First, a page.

Quotations by Author

Henry Wadsworth Longfellow (1807 - 1882)
US poet [more author details]
Showing quotations 1 to 18 of 18 total
A torn jacket is soon mended; but hard words bruise the heart of a child.
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Henry Wadsworth Longfellow
Age is opportunity no less
Than youth itself, though in another dress,
And as the evening twilight fades away
The sky is filled with stars, invisible by day.
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Henry Wadsworth Longfellow
All things must change to something new, to something strange.
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Henry Wadsworth Longfellow
Give what you have. To someone, it may be better than you dare to think.
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Henry Wadsworth Longfellow
He that respects himself is safe from others. He wears a coat of mail that none can pierce.
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Henry Wadsworth Longfellow
If we could read the secret history of our enemies, we should find in each man's life sorrow and suffering enough to disarm all hostility.
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Henry Wadsworth Longfellow
It is curious to note the old sea-margins of human thought. Each subsiding century reveals some new mystery; we build where monsters used to hide themselves.
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Henry Wadsworth Longfellow
Joy, temperance, and repose,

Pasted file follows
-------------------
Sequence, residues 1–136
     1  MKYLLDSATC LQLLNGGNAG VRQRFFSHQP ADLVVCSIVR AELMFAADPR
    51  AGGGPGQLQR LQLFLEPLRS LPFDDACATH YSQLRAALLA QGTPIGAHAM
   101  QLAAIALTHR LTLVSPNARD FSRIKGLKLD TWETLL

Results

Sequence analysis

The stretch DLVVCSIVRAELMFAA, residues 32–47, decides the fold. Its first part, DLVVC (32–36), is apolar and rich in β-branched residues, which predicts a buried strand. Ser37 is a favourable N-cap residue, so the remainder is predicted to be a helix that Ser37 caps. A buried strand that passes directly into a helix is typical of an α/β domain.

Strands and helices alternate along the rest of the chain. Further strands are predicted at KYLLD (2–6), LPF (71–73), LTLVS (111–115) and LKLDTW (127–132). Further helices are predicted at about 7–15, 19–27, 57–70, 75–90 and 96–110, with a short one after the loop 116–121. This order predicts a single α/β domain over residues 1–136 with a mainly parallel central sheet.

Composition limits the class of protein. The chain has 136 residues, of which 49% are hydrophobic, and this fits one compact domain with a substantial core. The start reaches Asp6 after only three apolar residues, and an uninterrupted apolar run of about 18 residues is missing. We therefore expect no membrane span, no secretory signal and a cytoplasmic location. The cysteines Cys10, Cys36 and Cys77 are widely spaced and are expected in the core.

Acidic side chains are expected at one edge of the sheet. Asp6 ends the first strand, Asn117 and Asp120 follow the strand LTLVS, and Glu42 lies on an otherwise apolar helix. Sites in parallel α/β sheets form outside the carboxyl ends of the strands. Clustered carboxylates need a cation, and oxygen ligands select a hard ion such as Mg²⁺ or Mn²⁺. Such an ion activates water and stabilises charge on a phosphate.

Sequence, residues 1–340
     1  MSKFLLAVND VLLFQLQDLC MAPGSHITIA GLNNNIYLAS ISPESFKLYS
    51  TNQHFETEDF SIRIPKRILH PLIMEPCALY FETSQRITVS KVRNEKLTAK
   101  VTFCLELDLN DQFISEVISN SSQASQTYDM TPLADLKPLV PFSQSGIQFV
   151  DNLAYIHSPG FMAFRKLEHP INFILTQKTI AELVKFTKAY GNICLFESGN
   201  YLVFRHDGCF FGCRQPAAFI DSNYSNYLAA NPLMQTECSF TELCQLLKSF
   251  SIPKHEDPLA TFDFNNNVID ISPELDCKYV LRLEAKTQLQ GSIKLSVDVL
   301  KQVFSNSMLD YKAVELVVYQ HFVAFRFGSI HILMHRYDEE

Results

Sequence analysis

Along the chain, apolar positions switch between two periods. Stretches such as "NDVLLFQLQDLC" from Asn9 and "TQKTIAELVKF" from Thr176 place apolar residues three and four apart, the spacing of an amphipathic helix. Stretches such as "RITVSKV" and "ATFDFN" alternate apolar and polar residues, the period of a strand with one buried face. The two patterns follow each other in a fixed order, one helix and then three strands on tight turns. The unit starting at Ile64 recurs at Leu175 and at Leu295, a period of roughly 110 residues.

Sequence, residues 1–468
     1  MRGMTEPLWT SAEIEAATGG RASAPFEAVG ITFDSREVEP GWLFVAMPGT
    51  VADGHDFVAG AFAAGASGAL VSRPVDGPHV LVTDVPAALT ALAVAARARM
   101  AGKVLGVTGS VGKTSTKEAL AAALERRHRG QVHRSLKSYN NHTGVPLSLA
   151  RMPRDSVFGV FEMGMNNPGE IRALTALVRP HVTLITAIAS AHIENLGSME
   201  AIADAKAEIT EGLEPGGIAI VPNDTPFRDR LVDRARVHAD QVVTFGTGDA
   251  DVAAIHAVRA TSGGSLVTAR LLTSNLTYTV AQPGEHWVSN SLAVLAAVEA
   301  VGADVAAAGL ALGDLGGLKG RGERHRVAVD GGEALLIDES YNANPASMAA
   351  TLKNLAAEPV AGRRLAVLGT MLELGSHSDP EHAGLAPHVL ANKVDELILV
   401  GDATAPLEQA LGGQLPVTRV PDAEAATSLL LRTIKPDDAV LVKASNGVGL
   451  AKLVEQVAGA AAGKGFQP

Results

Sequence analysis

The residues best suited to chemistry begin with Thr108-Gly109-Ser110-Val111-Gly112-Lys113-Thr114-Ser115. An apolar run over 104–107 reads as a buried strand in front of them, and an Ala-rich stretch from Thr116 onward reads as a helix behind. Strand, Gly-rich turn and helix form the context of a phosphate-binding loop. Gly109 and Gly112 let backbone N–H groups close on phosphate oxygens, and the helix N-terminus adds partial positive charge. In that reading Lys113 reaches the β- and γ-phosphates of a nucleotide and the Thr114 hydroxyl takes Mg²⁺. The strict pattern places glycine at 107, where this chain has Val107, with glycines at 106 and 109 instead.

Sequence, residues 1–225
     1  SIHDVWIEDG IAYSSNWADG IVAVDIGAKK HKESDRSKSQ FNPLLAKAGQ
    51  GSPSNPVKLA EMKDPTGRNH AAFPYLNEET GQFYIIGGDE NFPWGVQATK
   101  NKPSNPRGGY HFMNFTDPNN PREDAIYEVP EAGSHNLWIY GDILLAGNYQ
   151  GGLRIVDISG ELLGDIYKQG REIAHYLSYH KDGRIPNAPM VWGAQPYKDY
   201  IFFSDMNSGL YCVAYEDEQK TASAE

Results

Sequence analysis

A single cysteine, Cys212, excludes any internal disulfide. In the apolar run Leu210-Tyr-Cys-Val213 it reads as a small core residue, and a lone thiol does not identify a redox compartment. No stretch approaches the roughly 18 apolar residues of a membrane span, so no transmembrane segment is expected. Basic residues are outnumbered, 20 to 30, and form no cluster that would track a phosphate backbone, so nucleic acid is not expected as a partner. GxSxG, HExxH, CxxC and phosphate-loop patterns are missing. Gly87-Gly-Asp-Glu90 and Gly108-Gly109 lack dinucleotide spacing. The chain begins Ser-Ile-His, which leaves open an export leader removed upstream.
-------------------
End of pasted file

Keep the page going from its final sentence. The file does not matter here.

Slam the door on the doctor's nose.
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Henry Wadsworth Longfellow
Learn to labour and to wait.
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Henry Wadsworth Longfellow
Let us, then be up and doing,
With a heart for any fate;
Still achieving, still pursuing,
Learn to labour and to wait.
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Henry Wadsworth Longfellow
Look not mournfully into the past. It comes not back again. Wisely improve the present. It is thine. Go forth to meet the shadowy future, without fear.
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Henry Wadsworth Longfellow
Perseverance is a great element of success. If you only knock long enough and loud enough at the gate, you are sure to wake up somebody.
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Henry Wadsworth Longfellow
Talk not of wasted affection, affection never was wasted,
If it enrich not the heart of another, its waters returning
Back to their springs, like the rain shall fill them full of refreshment;
That which the fountain sends forth returns again to the fountain.
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Henry Wadsworth Longfellow
The heights by great men reached and kept were not attained by sudden flight, but they while their companions slept, were toiling upward in the night.
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Henry Wadsworth Longfellow
We judge ourselves by what we feel capable of doing, while others judge us by what we have already done.
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Henry Wadsworth Longfellow
The love of learning, the sequestered nooks,
And all the sweet serenity of books.
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Henry Wadsworth Longfellow, 'Morituri Salutamus,' 1875
Most people would succeed in small things if they were not troubled with great ambitions.
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Henry Wadsworth Longfellow, Driftwood; Table Talk, 1857
To say the least, a town life makes one more tolerant and liberal in one's judgement of others.
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Henry Wadsworth Longfellow, Hyperion, 1839

- 13 Quotations in other collections
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Showing quotations 1 to 18 of 18 total.
 
Showing quotations 1 to 18 of 18 total
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